If you've clicked here looking for an early hands-on impression of the newly launched UK version of Motorola's Moto X, you may be in for a bit of a shock - the popular smartphone is not totally brand new, and has in fact been making waves in the US since August 2013.
However, the Moto X only just launched in the UK, meaning this is our first chance to have a play with the coveted handset.
The Moto X actively discourages users from leaving sticky fingerprints all over its 4.7in Gorilla Glass screen - this is a smartphone designed for hands free living.
So when you're lounging on the sofa and have a desperate yearning to know what the time is in New York but your 130g Moto X is sat on the other side of the room, you need not move a muscle. Simply say "Google Now, what time is it in New York?" and the device will spring into life.
The Moto X's touch-free controls also allow you to get directions, set an alarm, or call someone - even when you're up to 15 feet away from the device.
Potential worries about security are negated when you realise that the Moto X tunes itself specifically to recognise your voice. When we tried instructing a phone that had learned the dulcet tones of someone else, the screen remained resolutely black until the real owner piped up to give the command.
With many handsets, the notion of voice control is still relegated to the realms of gimmick. It becomes more of a specialist taste - something WHSmith would keep behind the counter and you'd have to ask for - but once you attune the Moto X to your voice the feature works remarkably well. Training your smartphone is vital though - if you try using the voice feature straight away (like we did), your Moto X will have a hard time understanding you.
Motorola has been keen to emphasise the Moto X's "Active Display,"which means that even when the phone is asleep you can check the time and view your notifications. Relevant messages and information appear in quiet pulses on the 1,280 x 720 pixel display. It's great for those who have that constant itch to check their phones regularly and certainly looks pretty, but it seems like an unnecessary waste of its 2200mAh battery when you could just hit the power button for the same effect.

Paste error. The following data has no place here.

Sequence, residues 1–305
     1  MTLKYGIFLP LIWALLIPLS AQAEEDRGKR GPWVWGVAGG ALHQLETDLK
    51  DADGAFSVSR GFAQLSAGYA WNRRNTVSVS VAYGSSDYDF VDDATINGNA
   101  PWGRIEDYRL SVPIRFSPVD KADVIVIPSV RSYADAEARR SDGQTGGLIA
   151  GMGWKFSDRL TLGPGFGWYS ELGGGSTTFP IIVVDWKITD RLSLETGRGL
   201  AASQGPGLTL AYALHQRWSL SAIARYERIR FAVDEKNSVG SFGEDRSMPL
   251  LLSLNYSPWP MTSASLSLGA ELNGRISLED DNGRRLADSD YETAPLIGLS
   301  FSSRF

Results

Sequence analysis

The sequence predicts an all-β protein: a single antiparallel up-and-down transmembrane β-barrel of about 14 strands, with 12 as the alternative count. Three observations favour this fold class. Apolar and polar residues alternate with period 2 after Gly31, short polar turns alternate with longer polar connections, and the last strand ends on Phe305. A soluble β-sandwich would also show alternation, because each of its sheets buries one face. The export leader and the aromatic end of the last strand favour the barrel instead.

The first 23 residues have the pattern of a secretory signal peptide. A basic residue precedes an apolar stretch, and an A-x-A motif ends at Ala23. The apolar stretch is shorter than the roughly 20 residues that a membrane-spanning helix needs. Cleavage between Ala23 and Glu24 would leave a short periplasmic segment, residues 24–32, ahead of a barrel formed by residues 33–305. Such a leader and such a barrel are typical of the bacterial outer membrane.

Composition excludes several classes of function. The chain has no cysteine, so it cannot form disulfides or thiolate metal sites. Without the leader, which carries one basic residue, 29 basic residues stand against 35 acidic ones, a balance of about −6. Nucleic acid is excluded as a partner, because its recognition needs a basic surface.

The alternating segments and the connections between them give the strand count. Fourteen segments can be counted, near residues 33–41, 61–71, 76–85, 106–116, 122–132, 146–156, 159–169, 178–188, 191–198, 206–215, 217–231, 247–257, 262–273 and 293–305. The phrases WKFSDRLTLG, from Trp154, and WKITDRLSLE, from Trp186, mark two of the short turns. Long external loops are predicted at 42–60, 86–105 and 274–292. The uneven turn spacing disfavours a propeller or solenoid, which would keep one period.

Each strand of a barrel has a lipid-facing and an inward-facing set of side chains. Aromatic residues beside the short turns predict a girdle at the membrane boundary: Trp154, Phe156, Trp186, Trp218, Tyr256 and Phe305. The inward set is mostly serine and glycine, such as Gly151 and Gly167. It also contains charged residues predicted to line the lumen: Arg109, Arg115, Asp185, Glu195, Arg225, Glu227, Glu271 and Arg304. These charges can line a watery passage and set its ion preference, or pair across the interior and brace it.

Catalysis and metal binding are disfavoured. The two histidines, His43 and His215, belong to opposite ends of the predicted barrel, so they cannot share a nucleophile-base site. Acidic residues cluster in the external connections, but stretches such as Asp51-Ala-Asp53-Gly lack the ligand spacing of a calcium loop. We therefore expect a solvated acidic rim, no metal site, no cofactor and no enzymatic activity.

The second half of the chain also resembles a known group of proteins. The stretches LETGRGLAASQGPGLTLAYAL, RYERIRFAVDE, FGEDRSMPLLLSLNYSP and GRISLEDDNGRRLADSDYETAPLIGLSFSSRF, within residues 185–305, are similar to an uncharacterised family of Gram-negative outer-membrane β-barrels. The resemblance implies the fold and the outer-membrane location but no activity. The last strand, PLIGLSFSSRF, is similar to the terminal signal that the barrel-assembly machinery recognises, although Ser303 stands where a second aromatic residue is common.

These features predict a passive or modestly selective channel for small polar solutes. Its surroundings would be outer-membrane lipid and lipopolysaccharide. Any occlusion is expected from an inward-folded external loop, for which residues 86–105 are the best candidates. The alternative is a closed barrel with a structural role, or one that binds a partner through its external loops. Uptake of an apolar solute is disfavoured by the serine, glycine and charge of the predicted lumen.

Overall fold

Once you've finally got inside your phone, you can take full advantage of its features. Motorola Assist's Driving mode makes your Moto X read incoming text messages aloud and allows you to reply to text messages directly using your voice. Meeting mode, meanwhile, silences your phone whilst sending out an auto-reply text message to anyone who tries to contact you whilst you're tied up in the boardroom. Finally, sleeping mode allows you to set what hours you'll be in the land of nod and sets the device to silent for that period, but also gives you the option to let your favourite contacts get through to you immediately so you never miss an important call.
All these features are powered by the Motorola X8 mobile computing system which features a 1.7GHz Qualcomm Snapdragon S4 Pro chipset complemented by a natural language processor and a contextual computing processor as well as 2GB of RAM.
These allow features like the responsive 10-megapixel camera (activated by two flicks of your wrist) to function without guzzling all your battery power. And the Moto X is indeed a nice device to hold, with its curved back resting comfortably in the palm.
Elsewhere, UK Android enthusiasts may feel the wait has been worth it, as our version of the Moto X ships with Android 4.4 KitKat, the latest version of Google's mobile OS. It's not quite a stock version, but it's pretty darned close and we'd expect future updates to come to this device fairly speedily.
So what will this fairly tidy package set you back? The Moto X is available from a wide range of UK retailers and costs £380 SIM-free - a reasonable enough price for a mid-range device that generally impresses and packs a number of premium features.